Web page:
Wednesday, December 01, 2010

Wishbone Chandelier

I bought this pin this morning.
Wanted to let you know.
It is a wishbone pin, Dad.
I bought  it for myself
because today is your birthday.
Bet you thought I didn't remember.

For so many years
I always meant to call,
but I never knew what to say.

I was 8 and
my first memory of you was how you hung
wishbones on your
chandelier to dry.
And you took one down
and we each held the delicate bone
(always pulling in opposite directions)
and made a secret wish together.
I remember I got the larger piece,
so my wish was supposed to come true.
But it just never did.
And now you are gone from me
You left without saying
Left me with nothing.
but this dead birthday phone call

and this damn
wishbone chandelier.


  1. What a sweet letter...
    I love wishbones...very cute pin!

    I like the new header!!
    Have a wonderful day!

  2. My Dear Jen...

    I am so sorry that you never got that chance to really know your dad. He was a wonderfull man, had a heart of gold and would give the shirt off his back to you. We both know what caused him to be a Dr Jekel and Mr Hyde. I am so glad that you still have some of the good memories of him, I only wish you had many more. I have not forgetten your request, I am now starting to move to the other house so as I start to pack and find things I will put them in a box for. I only wish that we could have been closer as well.

    All my love.

  3. Dearest Jennifer,

    As I walked home today from work, I thought about your post, Wishbone Chandelier, and the meaning of it on your Dad's birthday. It brought me back to my historical fiction in progress, MORNING SUN, to my father and his father. As you already know, the story is mainly set in Viet Nam from 1932 - 1975 and is inspired in great part by my father's journal. In the journal, my father wrote about losing his own father at age twelve. He wrote, "It was the saddest day of my life."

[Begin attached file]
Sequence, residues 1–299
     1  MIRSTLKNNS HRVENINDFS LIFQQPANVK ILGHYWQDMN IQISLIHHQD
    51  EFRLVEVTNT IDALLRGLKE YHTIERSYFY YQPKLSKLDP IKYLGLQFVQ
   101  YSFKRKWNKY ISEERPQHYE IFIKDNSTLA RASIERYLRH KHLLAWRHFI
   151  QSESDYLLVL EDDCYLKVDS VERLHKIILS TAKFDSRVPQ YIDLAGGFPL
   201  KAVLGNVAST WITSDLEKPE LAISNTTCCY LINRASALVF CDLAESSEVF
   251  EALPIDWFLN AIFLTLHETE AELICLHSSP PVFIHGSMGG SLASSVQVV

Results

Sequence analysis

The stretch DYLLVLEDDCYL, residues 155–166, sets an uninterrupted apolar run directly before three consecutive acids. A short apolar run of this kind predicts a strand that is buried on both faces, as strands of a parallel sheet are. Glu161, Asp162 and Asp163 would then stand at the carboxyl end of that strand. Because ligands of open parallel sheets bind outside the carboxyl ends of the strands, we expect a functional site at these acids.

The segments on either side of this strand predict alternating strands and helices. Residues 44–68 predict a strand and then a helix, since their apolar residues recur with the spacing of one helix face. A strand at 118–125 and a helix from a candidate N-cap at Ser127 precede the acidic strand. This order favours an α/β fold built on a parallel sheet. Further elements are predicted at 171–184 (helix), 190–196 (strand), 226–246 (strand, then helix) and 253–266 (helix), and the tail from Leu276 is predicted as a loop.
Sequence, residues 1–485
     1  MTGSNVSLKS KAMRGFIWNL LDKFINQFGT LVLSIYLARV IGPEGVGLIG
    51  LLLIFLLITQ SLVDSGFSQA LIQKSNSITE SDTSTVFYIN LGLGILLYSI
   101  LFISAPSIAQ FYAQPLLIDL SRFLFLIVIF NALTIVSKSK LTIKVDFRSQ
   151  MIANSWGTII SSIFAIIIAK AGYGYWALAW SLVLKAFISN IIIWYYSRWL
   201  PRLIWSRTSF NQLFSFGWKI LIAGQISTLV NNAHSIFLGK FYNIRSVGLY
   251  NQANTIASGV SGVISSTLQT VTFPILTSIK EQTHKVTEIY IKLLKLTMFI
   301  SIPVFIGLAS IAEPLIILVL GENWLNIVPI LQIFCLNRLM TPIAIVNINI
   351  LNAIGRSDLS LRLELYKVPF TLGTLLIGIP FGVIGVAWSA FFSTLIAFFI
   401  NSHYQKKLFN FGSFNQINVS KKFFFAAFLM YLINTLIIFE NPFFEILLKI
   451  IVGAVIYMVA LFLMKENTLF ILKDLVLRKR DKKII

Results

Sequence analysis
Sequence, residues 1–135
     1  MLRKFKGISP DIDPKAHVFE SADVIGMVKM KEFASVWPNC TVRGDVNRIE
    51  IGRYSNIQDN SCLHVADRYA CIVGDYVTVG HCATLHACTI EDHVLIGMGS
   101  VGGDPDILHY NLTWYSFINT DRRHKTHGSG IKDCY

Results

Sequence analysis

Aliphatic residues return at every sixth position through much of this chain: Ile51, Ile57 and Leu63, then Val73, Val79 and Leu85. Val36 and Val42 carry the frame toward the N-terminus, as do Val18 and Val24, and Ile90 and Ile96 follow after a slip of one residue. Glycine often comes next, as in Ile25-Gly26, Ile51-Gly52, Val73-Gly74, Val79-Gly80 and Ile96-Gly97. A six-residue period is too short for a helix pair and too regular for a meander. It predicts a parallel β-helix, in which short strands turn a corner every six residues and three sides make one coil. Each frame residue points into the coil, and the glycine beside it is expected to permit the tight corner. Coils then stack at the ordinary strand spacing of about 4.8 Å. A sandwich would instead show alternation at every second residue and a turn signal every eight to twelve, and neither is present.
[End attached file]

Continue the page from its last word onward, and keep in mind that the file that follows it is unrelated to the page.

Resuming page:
During my research for MORNING SUN, I had asked my father, his two brothers, and their mother (now my late grandmother) this question: "How did you survive the war?" They said it was their faith and my grandfather watching over them, keeping them safe. They may not have always known (or believed) this as soldiers during the war, but sitting in the kitchen with me when I asked my questions, they knew they were alive because their father had been guiding them through the light and the dark, through the war.

    Early in my novel, my main character's father died. His mother said to him: "Ask for him. He is not dead. He is listening."

    Your father is with you. He is at your side. Ask for him.

    Keeping you in my prayers,

  4. oh, sweetness.
    I have no words of comfort.
    your artistry must be some kind of comfort to you, no?
    fathers can be so difficult... if they're with us or not...

  5. Dear Jennifer,

    As always, praying for you.

    Love, Karen

  6. That is so sad Jen. I hope one day you will find inner peace and have fond soft memories, rather than the aching, heart wrenching ones. Thinking of you always

  7. i

    so much.
    hugs to your aching heart.


  8. Dear Jennifer,

    Thinking of you! Your letter makes me want to get in my old van and drive right-up.


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